Purpose Of the investment, phase is to increase. The likelihood of the, next pass through. The hook, investments. Do this in two ways the. First way is by loading, the next trigger, loading, the next trigger something, the user does to. Bring themselves back, okay, not some piece of spammy. Advertising. Or messaging, not something from you something, that they did, to, initiate, a trigger reaching back out to them let me show you what I mean when, you send someone a message on whatsapp more. Slack or any number of other messaging, services when you send someone that message there's. No immediate gratification right. No, points, no badges, nothing really happens. When you send someone that message but. What you're doing by investing, in the platform, and sending that message is that you are loading the next trigger because you're likely to get a, reply. And that. Reply comes, coupled, with what's. This notification an example of an. External. Trigger that prompts, you through the hook once again okay. That's, the first way that investments, increase the likelihood of the next pass the. Second way is by, storing. Values, storing, value is a really. Big deal that's why I love, working in tech as opposed to hardware. Or physical goods is. That everything, in the physical world everything, made out of atoms as opposed to bits. Depreciates. With wear and tear right these chairs these tables like all my clothes everything. In the physical world loses. Value, with. Wear and tear. Habit-forming. Products, however do. The opposite, they don't depreciate, they. Appreciate. And value they, get better and better the, more we, engage with them and they do this because of this principle I call Stu, bored value, let me give you some examples the more content, you upload, to your Google Drive or Dropbox the, more valuable, it becomes as, your, cloud storage solution the. More data you give to a company like mint.com the, more data, you give the service the better it becomes for you it's crafted, it's personalized, based on the data you give the company, the. More followers somebody, has right, so on Twitter the more followers you have it's a better way to reach your audience so if tomorrow Twitter were to say hey everybody we're, real sorry but Twitter is not free anymore, okay you have to start paying for Twitter who's, gonna pay is it gonna be someone with ten followers or ten, thousand followers of course, it's gonna be the person with ten thousand followers because they've stored all that value, in the form, of their follower count and finally. Reputation, reputation is a form of stored value, that, users, can literally, take to the bank because. My reputation on up work or eBay or Airbnb dictates. What I can charge for my goods and services and how. Hard, is it to leave, once. I've stored all that value even. If a better product or service comes around it's, kind of hard to leave it's all of a sudden very sticky because, I've accrued, I stored value in the, form of my reputation. Which. Brings me to this coal with hard conclusion, that. We in the product development community, have been told a lie, we've. Been told that the best product, wins and that's. Not necessarily, true, having. A great technology is table. Stakes Silicon. Valley and Silicon Alley graveyards. Are full of, companies, that had the best technology, it's. Not necessarily, the best technology, that wins it's the product that can capture the monopoly, of the mind the first to mind solution, that we turn to that's.
The Product that captures the market and it's, through successive, cycles through, these hooks triggers action rewards and investment, this is how customer, preferences, are shaped how, our tastes are formed and how our, habits take hold so. If you're building the kind of product or service that requires unprompted. User engagement if you want people to come to your product and service not because they have to but because they want to you've. Got to be able to answer these five fundamental, questions of number one what's, the internal, trigger that, your product, is addressing, what's. The external, trigger that prompts them to action what's. The simplest behavior, done in anticipation of reward is the, reward fulfilling, and it leaves the user wanting more and then finally, what's, the bit of work done to increase the likelihood of the next pass through, the hook now. Before we take questions there's, one more thing I want to discuss which. Is the morality, of manipulation. I know. What that nervous laughter is about, that. I'm sure many of you, as. I was giving this presentation were thinking yourself is this kosher. Is this alright to do to people to use their hidden psychology, to change, their behavior and if, you had that thought I say Bravo this is incredibly, powerful stuff, and we, need to be very honest, with ourselves about how we are applying these techniques, design. Is the art of manipulation. Let's, be honest with ourselves anytime. We are changing, people's behavior to. Meet our interest. Particularly commercial. Interests folks, that, is manipulation. Now. Manipulation. Has two forms, we. Have persuasion. On one end and we, have coercion, at the other end. Persuasion. Is helping people do things they want, to do that improves, their lives things, that they will be happy they did, coercion. Is getting. People to do things they regret doing. Things, you wanted them to do that they didn't want to do we. Always want to stay on the side of persuasion, coercion, is always, unethical. So. We need to be very careful, about how we use these techniques because these are the technologies. That people take to bed with them every, night it's, the first thing they turn to in the morning before they even say hello to their loved ones so we have to ask ourselves what, responsibilities. Do we have to, use these techniques, for good and I. Believe that we can use these techniques to help people find meaning, to improve, their lives to help them live happier, healthier more, productive lives and to, show you I put my money where my mouth is I want to tell you about a company that I invested in a few years ago this, company is called seven cups I got, a call a few years ago by a guy by the name of Glen Moriarty Glen is a psychotherapist. Who lives in Virginia Beach and I do these office hours every week every Thursday I have an hour of office hours where people call me up in 15-minute increments and they ask me anything they want you're welcome to to sign up as well so Glen calls me a few years ago and he says hey I read book not. Technical, at all but, I got a team together and here's the hook that we built he. Says I'm as a therapist, I know that, far too many people in my community don't, get the help they need, parents. Who have a child with a disability. Soldiers. Who come back with PTSD or, just any one of us who's feeling lonely and needs someone to talk to they. Open this app the internal, trigger is feeling lonely seeking connection, that's the internal, trigger the, action is to open this app for, no money you're instantly, connected, with another person, ready to listen the, variable, reward is rewards of the tribe it's another person ready to help and the, investment, phase and here's where it gets really interesting the investment, phase every. Time you call 7 cups you use this app to be in touch with someone you, are trained, how to be a listener, yourself, to, help others and it, turns out that people who use this service get, better, in fact they get dramatically, better this free, app was. Evaluated, by a third-party Journal. Academic. Journal found, it was as effective as traditional.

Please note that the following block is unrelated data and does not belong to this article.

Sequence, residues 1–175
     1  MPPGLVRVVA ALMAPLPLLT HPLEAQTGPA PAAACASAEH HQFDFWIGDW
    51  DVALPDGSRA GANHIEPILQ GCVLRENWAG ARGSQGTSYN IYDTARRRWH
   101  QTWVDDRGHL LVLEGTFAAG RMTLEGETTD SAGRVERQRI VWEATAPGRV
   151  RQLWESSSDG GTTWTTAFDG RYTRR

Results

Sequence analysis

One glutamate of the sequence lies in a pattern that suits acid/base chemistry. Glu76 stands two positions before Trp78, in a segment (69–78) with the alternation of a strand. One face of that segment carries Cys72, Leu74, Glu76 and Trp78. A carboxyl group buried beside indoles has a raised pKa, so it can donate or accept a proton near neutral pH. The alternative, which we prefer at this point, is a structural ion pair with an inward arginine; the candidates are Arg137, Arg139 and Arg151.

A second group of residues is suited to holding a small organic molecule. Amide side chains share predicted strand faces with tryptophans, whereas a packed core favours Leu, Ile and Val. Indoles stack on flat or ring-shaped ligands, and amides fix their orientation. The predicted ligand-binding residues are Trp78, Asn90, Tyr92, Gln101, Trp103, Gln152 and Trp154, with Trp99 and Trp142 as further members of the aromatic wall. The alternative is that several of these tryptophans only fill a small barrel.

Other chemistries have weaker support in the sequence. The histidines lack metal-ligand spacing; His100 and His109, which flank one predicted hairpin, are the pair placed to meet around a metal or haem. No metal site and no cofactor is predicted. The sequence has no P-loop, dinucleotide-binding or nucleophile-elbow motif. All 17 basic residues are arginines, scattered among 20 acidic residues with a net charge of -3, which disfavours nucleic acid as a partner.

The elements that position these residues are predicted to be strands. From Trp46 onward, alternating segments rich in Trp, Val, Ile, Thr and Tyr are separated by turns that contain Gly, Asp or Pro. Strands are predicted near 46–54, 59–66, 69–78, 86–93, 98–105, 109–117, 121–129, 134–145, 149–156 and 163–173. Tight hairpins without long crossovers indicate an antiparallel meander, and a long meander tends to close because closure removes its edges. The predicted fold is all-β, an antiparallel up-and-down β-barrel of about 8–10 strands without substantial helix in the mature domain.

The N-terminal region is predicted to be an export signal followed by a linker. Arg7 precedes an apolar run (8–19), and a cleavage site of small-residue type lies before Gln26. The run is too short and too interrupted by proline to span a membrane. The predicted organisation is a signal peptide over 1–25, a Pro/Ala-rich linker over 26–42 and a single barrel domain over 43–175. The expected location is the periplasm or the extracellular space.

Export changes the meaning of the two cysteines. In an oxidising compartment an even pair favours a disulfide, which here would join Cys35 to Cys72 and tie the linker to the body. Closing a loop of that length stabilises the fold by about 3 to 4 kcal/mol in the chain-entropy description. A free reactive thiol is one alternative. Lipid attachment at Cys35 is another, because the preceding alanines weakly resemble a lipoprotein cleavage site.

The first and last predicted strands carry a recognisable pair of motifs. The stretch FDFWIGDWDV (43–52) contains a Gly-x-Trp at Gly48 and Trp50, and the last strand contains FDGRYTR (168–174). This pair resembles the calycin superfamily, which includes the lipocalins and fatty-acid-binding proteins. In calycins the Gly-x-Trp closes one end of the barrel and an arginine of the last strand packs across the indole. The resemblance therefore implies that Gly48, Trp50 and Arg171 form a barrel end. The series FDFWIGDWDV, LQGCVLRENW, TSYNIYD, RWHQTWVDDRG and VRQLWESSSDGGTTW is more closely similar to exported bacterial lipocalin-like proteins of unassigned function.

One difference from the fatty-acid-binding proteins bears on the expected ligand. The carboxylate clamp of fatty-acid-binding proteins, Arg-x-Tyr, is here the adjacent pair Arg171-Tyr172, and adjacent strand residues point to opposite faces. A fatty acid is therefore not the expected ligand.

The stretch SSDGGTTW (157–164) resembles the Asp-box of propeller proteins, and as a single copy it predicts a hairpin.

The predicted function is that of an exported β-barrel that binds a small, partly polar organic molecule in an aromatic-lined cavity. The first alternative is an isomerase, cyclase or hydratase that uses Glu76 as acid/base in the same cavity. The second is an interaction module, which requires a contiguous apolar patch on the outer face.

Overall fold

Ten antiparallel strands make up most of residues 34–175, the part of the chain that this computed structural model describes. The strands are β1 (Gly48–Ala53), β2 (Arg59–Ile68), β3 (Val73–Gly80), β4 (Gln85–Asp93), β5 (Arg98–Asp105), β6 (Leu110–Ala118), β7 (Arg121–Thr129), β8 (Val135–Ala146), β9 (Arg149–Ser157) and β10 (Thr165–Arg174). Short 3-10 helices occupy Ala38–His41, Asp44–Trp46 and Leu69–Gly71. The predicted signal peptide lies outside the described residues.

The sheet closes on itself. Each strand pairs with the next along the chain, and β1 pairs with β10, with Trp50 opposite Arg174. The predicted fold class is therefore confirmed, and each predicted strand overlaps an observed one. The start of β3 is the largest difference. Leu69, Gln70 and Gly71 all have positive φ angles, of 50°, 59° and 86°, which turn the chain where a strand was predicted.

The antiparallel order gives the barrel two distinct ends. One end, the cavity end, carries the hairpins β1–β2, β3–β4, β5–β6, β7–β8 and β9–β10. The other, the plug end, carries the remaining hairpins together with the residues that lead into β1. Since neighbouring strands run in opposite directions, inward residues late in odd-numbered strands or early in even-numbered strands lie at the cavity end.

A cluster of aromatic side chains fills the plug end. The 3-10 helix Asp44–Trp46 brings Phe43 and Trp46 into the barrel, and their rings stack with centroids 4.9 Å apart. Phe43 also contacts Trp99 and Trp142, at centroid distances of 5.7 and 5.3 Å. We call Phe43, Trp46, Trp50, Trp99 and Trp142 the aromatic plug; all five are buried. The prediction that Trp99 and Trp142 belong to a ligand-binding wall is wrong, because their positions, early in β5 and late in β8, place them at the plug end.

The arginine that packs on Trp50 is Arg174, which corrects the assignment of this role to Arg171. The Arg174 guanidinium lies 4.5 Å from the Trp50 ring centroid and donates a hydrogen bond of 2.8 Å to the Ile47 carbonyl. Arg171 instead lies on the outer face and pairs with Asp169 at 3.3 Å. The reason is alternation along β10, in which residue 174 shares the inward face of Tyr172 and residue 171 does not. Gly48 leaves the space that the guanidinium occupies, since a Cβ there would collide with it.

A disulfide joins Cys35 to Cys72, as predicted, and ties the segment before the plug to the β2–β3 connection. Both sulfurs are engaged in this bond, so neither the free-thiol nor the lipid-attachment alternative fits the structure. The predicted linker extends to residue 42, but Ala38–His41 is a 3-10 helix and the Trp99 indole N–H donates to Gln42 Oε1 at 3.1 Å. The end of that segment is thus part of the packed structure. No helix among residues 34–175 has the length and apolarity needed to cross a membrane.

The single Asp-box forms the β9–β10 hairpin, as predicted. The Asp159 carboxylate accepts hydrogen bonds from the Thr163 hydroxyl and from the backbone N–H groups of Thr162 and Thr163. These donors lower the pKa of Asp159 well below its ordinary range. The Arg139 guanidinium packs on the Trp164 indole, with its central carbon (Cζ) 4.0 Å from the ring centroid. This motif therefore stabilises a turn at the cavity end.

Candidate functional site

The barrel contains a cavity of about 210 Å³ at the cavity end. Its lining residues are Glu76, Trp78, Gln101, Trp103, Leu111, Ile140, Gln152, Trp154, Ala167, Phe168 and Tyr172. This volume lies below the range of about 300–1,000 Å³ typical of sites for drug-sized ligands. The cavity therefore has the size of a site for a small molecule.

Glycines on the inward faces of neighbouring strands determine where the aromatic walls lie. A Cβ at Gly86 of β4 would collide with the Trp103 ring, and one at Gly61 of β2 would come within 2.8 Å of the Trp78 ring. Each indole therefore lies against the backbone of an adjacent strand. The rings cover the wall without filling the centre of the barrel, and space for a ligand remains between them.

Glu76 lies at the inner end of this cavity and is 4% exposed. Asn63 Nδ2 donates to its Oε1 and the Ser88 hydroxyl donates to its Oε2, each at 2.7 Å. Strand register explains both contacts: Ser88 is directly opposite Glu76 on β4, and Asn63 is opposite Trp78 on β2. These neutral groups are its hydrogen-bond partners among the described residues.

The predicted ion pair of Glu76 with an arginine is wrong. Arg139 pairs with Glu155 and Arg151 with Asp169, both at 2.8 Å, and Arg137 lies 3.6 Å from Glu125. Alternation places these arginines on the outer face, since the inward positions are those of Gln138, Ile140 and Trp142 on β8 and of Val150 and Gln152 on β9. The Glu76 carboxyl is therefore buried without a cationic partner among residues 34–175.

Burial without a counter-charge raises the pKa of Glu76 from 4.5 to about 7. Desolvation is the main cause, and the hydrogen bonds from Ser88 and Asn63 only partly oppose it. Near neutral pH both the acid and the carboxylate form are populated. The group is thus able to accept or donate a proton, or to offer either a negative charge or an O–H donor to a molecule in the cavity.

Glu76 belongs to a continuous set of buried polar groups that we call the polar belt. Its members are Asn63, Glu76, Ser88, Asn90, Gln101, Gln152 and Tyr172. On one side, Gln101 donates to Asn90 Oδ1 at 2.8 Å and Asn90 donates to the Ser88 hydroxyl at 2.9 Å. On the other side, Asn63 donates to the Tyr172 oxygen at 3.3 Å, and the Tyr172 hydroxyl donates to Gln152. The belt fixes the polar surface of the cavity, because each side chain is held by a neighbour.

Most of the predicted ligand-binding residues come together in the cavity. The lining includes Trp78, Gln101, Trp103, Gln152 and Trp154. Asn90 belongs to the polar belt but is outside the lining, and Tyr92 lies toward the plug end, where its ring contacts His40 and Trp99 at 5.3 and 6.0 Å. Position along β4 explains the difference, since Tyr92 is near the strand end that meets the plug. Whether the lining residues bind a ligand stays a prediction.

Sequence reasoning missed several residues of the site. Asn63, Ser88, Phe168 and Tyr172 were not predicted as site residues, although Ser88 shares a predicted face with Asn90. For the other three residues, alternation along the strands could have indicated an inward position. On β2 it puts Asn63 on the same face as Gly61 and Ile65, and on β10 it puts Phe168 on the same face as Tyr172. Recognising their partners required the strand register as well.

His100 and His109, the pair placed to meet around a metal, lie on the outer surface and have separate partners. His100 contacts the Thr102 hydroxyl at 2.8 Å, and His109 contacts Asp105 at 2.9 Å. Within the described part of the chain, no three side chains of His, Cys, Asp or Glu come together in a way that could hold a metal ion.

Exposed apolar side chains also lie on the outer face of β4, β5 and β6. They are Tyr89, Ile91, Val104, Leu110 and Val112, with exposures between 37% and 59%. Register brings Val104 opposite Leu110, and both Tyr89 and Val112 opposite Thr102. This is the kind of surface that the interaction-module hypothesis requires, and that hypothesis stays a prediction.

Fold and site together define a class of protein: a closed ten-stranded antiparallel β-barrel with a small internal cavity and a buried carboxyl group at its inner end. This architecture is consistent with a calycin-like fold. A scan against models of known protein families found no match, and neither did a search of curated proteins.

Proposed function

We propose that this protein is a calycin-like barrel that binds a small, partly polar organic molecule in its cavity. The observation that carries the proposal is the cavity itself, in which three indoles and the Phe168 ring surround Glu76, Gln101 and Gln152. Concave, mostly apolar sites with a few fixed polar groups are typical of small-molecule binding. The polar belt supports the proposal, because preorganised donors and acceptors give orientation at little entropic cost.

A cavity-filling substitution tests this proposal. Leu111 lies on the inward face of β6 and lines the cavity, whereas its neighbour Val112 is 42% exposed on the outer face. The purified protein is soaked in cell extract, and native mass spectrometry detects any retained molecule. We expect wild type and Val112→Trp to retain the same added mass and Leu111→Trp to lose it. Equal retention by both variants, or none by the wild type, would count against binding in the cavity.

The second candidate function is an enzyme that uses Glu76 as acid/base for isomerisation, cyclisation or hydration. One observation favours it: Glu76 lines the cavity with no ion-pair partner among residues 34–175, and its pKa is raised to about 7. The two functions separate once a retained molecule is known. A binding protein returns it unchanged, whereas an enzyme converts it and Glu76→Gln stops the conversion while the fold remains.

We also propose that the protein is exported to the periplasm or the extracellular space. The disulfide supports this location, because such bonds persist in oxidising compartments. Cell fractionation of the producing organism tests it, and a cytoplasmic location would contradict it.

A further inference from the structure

Expensive, Psychotherapy. This. One app services. 800,000. People every week in a hundred and 40 languages talk. About the tremendous, power of using, habit-forming, technology. For, good and with. That allow me to borrow from the words of Gandhi and ask you to build the change you. Wish to see in the world thank, you very much. Before. I do I have one favor. To ask I would love to hear what you thought of the presentation, I'm constantly tweaking it based on your input if you, go to this URL opinion. To us not calm its opinion to us, very. Short survey if you have an iPhone you can just point out the QR code with your camera and it'll, take you to that URL would love to hear what you thought just a quick 30 second survey if you click Submit, it'll, take you to my SlideShare. Page they'll give you a link to my SlideShare page where, you can have all the slides you just saw if you, work in an enterprise, focused, product I think. Most of you are working on consumer facing stuff but you if you work an enterprise you can find the exact same presentation, but instead of talking about Twitter and Instagram and these consumer, facing apps all, the examples are Enterprise, examples. Look for that presentation that says hooked in the enterprise.